Google was granted a patent yesterday on Blog Search, and how the search engine might filter blog posts out of blog search based upon a number of factors. The patent was originally filed in 2006, and it’s the first patent filing I’ve seen from Google that uses the term “splog.” The screenshot from the patent below shows some of that potential filtering process
I’ve written a couple of posts in the past about how Google might be ranking blog posts based upon other patent filings from Google, including Positive and Negative Quality Ranking Factors from Google’s Blog Search (Patent Application) in 2007, and How Google May Rank Blogs in 2010.
The patent application from the first post, Ranking Blog Documents, is still pending as of now, and the patent described in my second post, Indexing and retrieval of blogs, was granted at the time that I wrote about it.
Here’s the newly granted patent:
Providing blog posts relevant to search results
Invented by Kushal Dave, Joshua D. Mittleman, Kevin Scott, Vladislav Shchogolev, and David Alpert
Assigned to Google Inc.
US Patent 8,117,195
Granted February 14, 2012
Filed: March 22, 2006
A device identifies a search result document based on a search query, and searches a blog post repository to identify a blog post relevant to the search result document.
The device also rejects the blog post if the blog post has insufficient length, contains outgoing links located a predetermined distance from the beginning of the blog post, has a large out-degree, was created before or after a predetermined time, or has incoming links with a low link-based score.
The device further provides the blog post in connection with the search result document if the blog post was not rejected.
The patent primarily describes how Google might filter out certain blog posts from being included within its database of posts that might be returned to searchers in a blog search, and also describes how additional information from some posts might be presented by a search engine.
It’s pretty upbeat about blogs themselves, but recognizes that search engines don’t always make it easy for searchers to find blog posts:
Blogs may often provide useful information about a search result, such as honest reviews, contrasting opinions, links to related material, etc.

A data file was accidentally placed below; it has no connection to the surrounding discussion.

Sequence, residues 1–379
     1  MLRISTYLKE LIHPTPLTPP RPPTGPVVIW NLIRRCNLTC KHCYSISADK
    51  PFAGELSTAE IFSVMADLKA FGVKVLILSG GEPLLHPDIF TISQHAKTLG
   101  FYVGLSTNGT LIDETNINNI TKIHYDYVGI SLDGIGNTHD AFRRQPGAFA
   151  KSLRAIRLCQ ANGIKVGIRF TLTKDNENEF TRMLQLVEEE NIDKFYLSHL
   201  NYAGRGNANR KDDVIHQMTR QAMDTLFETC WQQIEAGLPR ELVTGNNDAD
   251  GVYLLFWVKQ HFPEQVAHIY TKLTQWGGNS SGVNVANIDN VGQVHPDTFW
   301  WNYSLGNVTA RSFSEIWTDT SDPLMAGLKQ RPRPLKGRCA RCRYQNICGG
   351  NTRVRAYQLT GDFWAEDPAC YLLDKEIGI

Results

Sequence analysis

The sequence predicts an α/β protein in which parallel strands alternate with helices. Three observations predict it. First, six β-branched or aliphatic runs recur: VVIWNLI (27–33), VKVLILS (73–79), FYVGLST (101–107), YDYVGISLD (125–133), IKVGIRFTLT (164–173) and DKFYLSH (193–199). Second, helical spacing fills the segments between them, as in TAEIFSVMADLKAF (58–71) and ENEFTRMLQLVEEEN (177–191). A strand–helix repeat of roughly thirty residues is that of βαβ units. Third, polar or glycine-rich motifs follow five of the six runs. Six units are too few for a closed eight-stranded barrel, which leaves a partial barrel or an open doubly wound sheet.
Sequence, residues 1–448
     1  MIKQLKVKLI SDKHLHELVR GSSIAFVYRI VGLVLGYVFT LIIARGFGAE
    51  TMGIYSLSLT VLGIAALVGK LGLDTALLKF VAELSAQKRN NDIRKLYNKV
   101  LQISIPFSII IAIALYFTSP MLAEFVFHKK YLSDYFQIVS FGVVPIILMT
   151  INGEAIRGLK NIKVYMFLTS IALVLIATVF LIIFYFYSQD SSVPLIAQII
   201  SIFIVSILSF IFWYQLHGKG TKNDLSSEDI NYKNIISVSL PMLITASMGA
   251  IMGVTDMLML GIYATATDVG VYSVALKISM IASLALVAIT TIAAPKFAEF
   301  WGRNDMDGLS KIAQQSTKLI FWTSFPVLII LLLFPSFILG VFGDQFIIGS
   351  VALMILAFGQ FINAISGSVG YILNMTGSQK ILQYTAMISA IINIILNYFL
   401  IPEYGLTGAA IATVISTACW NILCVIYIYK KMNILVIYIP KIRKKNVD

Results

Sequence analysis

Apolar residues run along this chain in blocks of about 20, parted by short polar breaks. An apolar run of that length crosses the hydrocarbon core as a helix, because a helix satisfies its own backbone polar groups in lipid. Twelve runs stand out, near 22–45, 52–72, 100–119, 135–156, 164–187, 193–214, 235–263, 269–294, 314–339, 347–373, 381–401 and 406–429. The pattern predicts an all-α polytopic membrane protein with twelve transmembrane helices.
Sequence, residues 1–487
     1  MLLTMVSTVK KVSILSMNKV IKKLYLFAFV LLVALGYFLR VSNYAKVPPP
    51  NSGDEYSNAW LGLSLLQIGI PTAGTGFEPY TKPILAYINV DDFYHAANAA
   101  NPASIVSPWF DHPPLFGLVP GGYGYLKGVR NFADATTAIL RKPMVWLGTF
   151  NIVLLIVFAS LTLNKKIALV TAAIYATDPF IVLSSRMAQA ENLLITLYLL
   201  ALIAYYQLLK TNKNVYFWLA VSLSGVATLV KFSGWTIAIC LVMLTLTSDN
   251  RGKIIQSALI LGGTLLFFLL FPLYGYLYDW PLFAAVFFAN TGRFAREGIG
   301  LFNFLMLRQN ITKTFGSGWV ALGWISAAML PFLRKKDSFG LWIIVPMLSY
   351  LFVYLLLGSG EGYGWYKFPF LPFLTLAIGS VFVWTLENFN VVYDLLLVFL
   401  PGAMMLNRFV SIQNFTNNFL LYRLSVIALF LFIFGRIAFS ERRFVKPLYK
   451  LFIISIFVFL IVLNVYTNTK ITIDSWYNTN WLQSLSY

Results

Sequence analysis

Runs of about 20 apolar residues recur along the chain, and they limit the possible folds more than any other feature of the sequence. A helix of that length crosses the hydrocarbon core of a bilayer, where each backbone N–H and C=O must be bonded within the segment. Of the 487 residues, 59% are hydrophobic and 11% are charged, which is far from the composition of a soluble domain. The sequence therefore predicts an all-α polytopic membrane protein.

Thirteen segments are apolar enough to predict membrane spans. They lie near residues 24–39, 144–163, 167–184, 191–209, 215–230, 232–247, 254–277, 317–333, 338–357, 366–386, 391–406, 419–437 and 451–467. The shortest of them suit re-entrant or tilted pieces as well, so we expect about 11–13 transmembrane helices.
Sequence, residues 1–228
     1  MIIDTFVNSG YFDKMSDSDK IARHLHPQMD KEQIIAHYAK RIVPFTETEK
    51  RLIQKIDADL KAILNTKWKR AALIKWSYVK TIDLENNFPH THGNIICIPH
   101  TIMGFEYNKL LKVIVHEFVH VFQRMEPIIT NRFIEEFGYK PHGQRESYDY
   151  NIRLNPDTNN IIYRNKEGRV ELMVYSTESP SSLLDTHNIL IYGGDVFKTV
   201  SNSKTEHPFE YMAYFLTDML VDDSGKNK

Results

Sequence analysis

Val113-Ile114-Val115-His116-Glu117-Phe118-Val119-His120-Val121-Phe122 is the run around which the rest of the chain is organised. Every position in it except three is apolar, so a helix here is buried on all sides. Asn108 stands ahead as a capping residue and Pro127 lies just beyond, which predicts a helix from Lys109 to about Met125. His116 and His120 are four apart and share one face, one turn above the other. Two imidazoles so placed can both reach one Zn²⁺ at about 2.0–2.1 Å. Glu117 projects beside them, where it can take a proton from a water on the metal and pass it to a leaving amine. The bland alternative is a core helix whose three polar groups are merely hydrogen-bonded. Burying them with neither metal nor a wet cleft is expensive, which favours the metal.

Unfortunately, search engines do not display blog posts that are relevant to a specific search result, making it difficult to find blog posts containing information useful to a search query.
Undesirable Blog Content
When someone performs a web search at Google, one of the options they have on the search results page is to click on link on the sidebar for blog search results to appear. Those results are displayed from a data repository that contains information about blogs. But it doesn’t capture every blog post.
Many posts that are considered “undesirable” might be filtered out. The patent provides the following examples of the kind of content that might cause a blog post not to be included in the blog repository:
- Stolen content
- Chain letters
- Fraudulent solicitations
- Unwanted pop-up advertisements
The patent isn’t just about possibly filtering out posts that might contain certain types of content, though. It also points to certain possible rules that might be used to filter out another type of undesirable posts:
One example of an undesirable blog is a spam blog, sometimes referred to by the neologism “splog.” Splogs may include blogs which the author uses only for promoting affiliated documents (e.g., documents linked to by the splog).
The purpose of a splog may be to increase the link-based score of affiliated documents, get advertising impressions from visitors, and/or use the blog as a link outlet to get new documents indexed.
The content on a splog may often be nonsense or text stolen from other documents with an unusually high number of links to documents associated with the splog creator which are often disreputable or otherwise useless documents.
In addition, additional blog posts might be filtered out of the repository based upon a review of the outgoing links of remaining blog posts, such as links to content filled with profanity or pornography.
Rules for Filtering Undesirable Content
Here are some of the rules that might be used to remove blog posts from blog search:
Number of outgoing links – If a post has more than a certain number of outgoing links, which might be a predetermined number, such as fifty, then it may be removed. Those outgoing links could possibly include advertisements.
The number of links for that initial threshold might not be a predetermined amount, but might instead be determined by a statistical model, based upon a machine learning approach, to find a number of outgoing links that might provide a good tradeoff between accepted blog posts and rejected blog posts.
If a post doesn’t go past the threshold of outgoing links, it might next be checked to see if it has any incoming links.